3. Methodology


The case study methodology adopted for die study requires elaboration. "Case study research, through reports of past studies, allows the exploration and understanding of complex issues. It can be considered a robust research method particularly when a holistic, in-depth investigation is required. Although case study methods remain a controversial approach to data collection, they are widely recognized in many social science studies especially when in-depth explanations of a social behavior are sought after” (Zainal, 2007, p.l). Case study methodology will enable us to collect the information from a single unit, which is relevant to the problem area and will help us in formulating our proposition or hypothesis (Krislmaswamy et al, 2010).


We developed a case study protocol and approached each startup founder for an in-depth personal interview. The interview structure of personal profile, startup profile, the reason for startup and execution, lessons learned and exit strategy are outlined to the interviewee at the outset, to enable them to understand the context. The author met the interviewees (co-founders) in person and recorded their responses and the data were collected over a period of one week (23-30 June, 2017). The data were recorded in a spreadsheet, codified and stored for doing tire analysis. At some points in time, explorative open-ended questions were used to understand the situations better. As cautioned by Cotteril (2012), based on his observation in the context of Silicon Valley, co-founders of failed startups might have experienced traumatic experience, and therefore it would call for careful handling of the situation while collecting the qualitative information. With this understanding of the sensitivity, utmost care was taken while interacting with the co-founders of failed startups while eliciting their experiences. Identities of the co-founders were codified so that die personal and confidential data are not revealed and sensitive information was handled appropriately.


In identifying die personality profile of the entrepreneur, the web link https://www.16personalities.com/ containing die test for MBTI (Myers-Briggs Personality Type Indicator) was used. The MBTI link was sent across to diem asking them to take the personality type test and die responses were elicited. This will open avenues for us to understand the MBTI personality profile of die entrepreneur who has failed and the one who has succeeded. An attempt will be made to close the loop in creating more successful entrepreneur and prevent failure in providing direction to die aspiring entrepreneurs by understanding their current MBTI profile.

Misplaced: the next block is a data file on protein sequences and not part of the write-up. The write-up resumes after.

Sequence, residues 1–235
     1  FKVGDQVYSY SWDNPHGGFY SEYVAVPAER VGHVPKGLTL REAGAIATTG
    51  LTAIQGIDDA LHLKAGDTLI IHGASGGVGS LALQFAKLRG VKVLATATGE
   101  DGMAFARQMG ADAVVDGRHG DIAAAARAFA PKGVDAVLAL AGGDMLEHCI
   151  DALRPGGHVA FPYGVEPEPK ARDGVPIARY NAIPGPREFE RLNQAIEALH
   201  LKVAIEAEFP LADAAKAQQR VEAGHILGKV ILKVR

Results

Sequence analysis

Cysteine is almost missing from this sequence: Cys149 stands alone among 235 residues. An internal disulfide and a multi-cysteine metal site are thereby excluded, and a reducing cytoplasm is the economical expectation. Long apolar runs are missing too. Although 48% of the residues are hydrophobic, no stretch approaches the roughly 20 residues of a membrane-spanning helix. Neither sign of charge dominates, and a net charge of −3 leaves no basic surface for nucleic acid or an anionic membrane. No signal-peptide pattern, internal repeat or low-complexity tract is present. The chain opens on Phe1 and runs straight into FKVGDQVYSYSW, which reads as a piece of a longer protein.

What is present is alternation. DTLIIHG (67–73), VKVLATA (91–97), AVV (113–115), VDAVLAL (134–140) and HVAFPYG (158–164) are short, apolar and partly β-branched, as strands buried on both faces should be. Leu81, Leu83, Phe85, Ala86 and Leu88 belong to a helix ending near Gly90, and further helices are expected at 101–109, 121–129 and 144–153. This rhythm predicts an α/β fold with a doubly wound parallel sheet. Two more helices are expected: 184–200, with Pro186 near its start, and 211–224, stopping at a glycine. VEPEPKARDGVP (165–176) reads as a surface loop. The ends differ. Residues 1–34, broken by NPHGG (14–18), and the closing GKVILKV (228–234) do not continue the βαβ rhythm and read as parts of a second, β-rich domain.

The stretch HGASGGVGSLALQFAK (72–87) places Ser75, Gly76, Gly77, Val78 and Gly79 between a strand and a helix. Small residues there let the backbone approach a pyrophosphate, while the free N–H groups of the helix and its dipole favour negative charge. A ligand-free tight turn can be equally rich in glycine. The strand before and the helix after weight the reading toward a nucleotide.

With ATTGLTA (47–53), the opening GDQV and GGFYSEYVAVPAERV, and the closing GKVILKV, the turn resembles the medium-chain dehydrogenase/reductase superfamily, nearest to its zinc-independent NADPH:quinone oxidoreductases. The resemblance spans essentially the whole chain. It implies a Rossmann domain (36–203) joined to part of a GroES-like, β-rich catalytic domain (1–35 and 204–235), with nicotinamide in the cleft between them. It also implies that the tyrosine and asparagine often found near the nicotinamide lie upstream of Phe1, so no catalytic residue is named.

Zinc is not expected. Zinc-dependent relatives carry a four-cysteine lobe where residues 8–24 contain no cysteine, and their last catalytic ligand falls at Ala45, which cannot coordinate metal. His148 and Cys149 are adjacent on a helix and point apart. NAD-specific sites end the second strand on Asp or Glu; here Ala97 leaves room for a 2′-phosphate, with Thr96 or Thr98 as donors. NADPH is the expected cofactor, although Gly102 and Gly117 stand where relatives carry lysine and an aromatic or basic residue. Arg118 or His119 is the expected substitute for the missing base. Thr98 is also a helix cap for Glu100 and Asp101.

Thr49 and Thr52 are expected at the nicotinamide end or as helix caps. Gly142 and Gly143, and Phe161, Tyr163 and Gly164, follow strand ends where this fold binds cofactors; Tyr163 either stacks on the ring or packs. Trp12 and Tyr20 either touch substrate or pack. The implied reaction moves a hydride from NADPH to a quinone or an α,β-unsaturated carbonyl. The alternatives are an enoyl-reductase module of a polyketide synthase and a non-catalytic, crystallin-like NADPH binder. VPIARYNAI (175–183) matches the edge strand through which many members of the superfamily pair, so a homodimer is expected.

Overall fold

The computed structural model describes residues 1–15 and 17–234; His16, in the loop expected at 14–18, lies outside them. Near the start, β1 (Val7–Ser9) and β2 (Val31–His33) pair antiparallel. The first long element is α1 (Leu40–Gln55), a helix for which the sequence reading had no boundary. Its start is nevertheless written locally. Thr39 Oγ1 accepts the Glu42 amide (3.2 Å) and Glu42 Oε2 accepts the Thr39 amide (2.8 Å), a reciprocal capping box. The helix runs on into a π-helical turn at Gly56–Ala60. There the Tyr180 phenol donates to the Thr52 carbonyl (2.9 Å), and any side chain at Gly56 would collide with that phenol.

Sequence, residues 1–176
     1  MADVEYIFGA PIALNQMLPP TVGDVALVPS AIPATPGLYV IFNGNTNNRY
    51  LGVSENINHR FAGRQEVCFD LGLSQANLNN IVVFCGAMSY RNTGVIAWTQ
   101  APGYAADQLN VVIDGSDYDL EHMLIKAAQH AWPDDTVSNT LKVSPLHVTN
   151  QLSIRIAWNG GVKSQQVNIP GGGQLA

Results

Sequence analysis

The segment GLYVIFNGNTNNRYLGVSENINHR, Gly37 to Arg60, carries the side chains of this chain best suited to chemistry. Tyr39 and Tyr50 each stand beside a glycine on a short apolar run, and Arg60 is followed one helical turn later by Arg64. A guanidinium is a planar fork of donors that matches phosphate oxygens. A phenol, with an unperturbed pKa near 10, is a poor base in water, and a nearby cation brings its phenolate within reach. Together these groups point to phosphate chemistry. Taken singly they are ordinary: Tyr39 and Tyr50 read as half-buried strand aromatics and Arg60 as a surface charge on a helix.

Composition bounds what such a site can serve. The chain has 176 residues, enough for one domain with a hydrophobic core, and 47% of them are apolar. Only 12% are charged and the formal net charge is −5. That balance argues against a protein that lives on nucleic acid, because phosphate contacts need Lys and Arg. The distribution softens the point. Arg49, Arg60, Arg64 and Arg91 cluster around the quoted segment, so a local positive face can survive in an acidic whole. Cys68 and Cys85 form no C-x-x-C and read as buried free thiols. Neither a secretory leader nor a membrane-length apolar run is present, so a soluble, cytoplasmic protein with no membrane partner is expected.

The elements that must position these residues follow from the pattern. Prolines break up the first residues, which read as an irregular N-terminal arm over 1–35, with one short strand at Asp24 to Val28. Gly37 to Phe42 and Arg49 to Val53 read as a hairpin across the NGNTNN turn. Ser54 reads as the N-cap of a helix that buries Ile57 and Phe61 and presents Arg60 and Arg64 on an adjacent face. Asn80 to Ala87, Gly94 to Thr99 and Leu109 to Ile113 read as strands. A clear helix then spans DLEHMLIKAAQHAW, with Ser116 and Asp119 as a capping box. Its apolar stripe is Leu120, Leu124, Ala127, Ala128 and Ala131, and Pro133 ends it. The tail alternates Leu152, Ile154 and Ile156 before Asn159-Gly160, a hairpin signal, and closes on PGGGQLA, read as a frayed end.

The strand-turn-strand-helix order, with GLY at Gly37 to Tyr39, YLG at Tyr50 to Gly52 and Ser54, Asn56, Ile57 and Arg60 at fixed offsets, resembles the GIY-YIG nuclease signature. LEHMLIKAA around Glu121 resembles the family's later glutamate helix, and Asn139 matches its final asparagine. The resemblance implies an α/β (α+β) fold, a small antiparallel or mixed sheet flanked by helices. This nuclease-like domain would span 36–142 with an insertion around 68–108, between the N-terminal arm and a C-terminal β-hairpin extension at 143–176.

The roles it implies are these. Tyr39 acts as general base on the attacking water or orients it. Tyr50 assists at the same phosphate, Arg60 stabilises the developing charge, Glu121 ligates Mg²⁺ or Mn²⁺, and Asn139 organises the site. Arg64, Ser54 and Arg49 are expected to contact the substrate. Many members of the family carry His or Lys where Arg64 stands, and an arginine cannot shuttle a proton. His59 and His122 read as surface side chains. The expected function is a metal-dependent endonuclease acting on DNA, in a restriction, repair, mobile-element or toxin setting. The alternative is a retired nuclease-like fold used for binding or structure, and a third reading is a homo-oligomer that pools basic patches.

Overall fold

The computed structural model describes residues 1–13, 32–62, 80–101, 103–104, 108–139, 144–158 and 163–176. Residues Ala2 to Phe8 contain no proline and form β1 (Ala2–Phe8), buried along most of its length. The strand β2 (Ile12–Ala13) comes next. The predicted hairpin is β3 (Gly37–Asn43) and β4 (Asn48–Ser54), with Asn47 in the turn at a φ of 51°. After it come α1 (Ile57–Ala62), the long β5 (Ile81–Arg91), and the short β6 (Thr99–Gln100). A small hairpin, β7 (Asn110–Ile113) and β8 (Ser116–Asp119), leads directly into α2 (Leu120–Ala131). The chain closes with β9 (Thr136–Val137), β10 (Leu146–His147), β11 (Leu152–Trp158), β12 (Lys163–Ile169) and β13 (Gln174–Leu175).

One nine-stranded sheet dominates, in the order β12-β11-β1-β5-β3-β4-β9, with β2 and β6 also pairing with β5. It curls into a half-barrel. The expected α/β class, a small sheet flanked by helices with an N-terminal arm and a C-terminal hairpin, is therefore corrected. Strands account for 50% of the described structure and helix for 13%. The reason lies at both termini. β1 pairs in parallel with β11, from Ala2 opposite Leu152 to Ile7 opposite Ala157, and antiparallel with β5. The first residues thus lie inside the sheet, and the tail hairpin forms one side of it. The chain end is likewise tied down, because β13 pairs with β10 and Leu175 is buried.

IV. Case Descriptions


At die outset, it is appropriate to describe the four case studies as observed, and based on information gathered. Accordingly, a failed startup and a successful startup case have been described under the B2C sector followed by die B2B sector, in this section.


1. Case 1: Failed Startup in B2C Sector


Mr. К chartered accountant by profession and technocrat by heart, has attempted to bridge the gap in eLearning space with his platform-based solution. The serial entrepreneur at the age of 43, with 20+ years of industrial experience and die expertise of founding three startups earlier, has embarked on the new journey with two more partners who are technically savvy.


1.1. Product


The startup chose to work on die emerging technology, Platform as a Service (PaaS), and planned for a grand product. It took 30 months for the startup to build the product resulting in additional cost leading to the realization that "Plan for MVP (minimum viable product) with product roadmap and do not plan for a grand product”. The delay in product delivery was attributed to two factors. First, when the flash player moved to open source. Android and iPhone withdrew support forcing the startup to modify the product roadmap completely. Second, government policy to sue the platform provider and not the person who uploaded the content in the platform had introduced legal hurdles.